Jeremy Corbyn tells Bradley Wiggins he enjoys 'pressure'
Jeremy Corbyn says he is "not a competitive person" but "quite enjoys" the pressure of being Labour leader after decades on the back benches.
In an interview with Sir Bradley Wiggins, who is guest editing BBC Radio 4's Today programme, Mr Corbyn opens up about how he copes with the demands of a job he never expected to get.
He also explains how making jam and tending his allotment help him relax.
And insists he can make it to Number 10 at the next election.
Tour de France winner and Olympic gold medallist Sir Bradley chats with Mr Corbyn about bikes - the Labour leader is a keen cyclist - and how strange it can feel to reach the top after years of hard work on the margins.
But Mr Corbyn rejects an analogy with sport, where people are generally "in it to win it", saying he has never approached politics in that way.
'Proud to lead'
"I am not that competitive a person in that sense," he says. "I am much more of a community co-operative type of person.
"I never really thought I would be appointed to any sort of position so my aspirations, in so far as I had any personal aspirations, were to do my best to represent people and take up causes."
He says he had to be "persuaded" to throw his hat into the leadership ring after Labour lost May's election and "it's turned out that I have become the leader of the party".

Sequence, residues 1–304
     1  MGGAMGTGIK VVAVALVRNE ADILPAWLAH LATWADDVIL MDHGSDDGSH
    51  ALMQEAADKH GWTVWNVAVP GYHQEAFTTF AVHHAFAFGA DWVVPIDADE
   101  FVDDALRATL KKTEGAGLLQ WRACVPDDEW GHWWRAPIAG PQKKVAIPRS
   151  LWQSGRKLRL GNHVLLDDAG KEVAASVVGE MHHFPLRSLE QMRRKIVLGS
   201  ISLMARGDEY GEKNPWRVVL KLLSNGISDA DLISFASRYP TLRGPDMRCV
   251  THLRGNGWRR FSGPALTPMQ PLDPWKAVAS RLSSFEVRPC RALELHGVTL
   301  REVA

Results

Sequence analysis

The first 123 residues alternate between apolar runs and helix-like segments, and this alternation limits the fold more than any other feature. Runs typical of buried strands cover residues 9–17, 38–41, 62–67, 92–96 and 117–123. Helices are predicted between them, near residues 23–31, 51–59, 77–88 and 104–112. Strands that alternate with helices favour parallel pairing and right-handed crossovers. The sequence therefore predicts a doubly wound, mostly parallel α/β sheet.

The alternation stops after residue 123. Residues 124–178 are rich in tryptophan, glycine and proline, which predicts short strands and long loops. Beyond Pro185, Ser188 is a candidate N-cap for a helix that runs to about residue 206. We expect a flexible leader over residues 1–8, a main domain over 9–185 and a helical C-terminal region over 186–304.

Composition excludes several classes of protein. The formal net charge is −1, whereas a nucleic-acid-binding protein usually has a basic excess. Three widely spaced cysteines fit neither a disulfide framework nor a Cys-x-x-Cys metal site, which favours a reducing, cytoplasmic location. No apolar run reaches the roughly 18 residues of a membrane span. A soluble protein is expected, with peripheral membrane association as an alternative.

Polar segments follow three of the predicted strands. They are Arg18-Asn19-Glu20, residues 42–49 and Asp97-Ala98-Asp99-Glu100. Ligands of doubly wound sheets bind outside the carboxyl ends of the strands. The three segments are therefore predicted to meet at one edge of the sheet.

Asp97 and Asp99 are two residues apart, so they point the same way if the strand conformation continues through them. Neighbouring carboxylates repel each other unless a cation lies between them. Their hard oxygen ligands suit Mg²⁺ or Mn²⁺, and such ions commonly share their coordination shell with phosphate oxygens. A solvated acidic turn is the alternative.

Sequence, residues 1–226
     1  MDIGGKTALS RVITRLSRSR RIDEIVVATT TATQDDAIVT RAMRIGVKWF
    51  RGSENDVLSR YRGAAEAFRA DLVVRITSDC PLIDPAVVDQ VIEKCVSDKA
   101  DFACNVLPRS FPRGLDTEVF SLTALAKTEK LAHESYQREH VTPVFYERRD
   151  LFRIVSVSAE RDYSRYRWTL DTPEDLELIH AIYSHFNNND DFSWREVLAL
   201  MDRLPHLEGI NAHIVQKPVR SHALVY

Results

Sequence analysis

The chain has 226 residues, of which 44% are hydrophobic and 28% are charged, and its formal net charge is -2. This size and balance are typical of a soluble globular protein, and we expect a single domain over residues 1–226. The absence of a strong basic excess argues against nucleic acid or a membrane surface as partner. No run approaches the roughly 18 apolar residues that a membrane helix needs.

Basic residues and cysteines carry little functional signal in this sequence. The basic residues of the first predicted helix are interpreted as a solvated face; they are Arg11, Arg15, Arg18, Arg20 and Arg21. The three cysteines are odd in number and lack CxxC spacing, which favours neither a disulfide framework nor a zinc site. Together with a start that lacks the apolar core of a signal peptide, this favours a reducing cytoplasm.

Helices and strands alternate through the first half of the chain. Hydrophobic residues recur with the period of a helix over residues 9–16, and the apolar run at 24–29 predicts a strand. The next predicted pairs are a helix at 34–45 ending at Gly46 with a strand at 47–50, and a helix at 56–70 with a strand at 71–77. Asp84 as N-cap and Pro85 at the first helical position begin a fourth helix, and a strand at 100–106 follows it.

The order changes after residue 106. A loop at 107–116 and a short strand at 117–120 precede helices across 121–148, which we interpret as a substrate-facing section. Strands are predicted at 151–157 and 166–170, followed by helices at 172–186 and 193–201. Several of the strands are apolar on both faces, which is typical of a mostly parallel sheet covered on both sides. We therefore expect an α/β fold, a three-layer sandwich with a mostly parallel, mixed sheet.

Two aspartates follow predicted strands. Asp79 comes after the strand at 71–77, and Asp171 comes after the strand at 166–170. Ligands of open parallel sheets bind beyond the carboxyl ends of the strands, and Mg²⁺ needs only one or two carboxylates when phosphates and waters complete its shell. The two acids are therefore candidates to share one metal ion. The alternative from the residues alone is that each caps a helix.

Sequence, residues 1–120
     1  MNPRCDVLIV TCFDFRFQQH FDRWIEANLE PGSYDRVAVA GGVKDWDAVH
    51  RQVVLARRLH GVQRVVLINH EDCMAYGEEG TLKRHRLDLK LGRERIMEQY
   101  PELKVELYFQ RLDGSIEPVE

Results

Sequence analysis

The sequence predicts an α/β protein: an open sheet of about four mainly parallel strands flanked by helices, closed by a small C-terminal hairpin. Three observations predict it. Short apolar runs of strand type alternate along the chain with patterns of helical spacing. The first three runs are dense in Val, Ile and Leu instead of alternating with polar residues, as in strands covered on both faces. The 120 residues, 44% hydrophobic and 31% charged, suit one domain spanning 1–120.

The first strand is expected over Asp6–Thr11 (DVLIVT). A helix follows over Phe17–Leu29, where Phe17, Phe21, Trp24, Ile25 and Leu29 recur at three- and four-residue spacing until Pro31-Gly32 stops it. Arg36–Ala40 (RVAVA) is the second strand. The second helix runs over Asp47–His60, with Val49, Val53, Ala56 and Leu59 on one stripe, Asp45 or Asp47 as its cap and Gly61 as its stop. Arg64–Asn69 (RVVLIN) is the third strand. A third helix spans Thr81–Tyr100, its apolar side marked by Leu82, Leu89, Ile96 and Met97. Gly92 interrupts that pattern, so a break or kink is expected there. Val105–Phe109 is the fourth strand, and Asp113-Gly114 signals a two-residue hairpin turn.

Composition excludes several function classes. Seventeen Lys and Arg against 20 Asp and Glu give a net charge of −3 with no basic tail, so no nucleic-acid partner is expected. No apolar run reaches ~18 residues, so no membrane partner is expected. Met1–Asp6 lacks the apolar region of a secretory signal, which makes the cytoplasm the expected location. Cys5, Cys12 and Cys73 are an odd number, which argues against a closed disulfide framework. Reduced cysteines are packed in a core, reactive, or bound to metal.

But he adds: "I am very, very proud of that position.
"It is a huge amount of work and pressure but basically very enjoyable.
"I quite enjoy pressure. I don't worry about things particularly. I just get on with it."
Asked if he could envisage becoming prime minister, he says: "Yes. Yes we could.
"And the opportunity is then to seriously unlock the potential in people, young people particularly."
Mr Corbyn also speaks about the importance of having a life outside of politics, telling Sir Bradley that "working 24/7 doesn't mean you are producing 24/7".
He lists his hobbies as growing vegetables on his allotment, making jam and cakes, and "doing bits and pieces of woodwork".
Mr Corbyn took his aluminium-framed Raleigh bike along to his meeting with Sir Bradley.
When asked if that was the "famous Chairman Mao bicycle" that one newspaper said he had been seen riding, he joked: "The Chairman Mao bicycle is, you know those pigeon bikes that are very heavy with not many gears, weigh a ton and once you get them going they've got their own kinetic energy, but this one is actually a very light one so I think whoever wrote it was a Chairman Mao bicycle should be sent away for re-education."
On cycle clothing, Mr Corbyn added: "I was thinking maybe I should just cycle in one day in my Lycra, go into Parliament in the chamber with my Lycra."
Struck a chord
The Islington North MP has had a torrid time in the media - and faced criticism from some of his own MPs - since he unexpectedly swept to victory in September's Labour leadership contest with 60% of the vote.
The veteran left-winger had scraped on to the ballot paper at the last minute, on the strength of nominations from Labour MPs who wanted to broaden the debate but did not expect him to win.
But his anti-austerity message struck a chord with many on the left, who have since joined the party in their tens of thousands.
As part of his guest editor slot, Sir Bradley, who is one of a string of celebrities to take over the reins of Today over the holiday period, will also meet children inspired to start cycle racing by his victories.
And he will speak to Match of the Day presenter Gary Lineker about his career since he retired from football.
"I don't know anything about politics or economic policy. But I've listened to a lot of people having a good old moan over the years. You meet interesting characters when you're out on a bike," Sir Bradley said.
"I told them I'd do this show if I could shine the spotlight on stuff that interests me."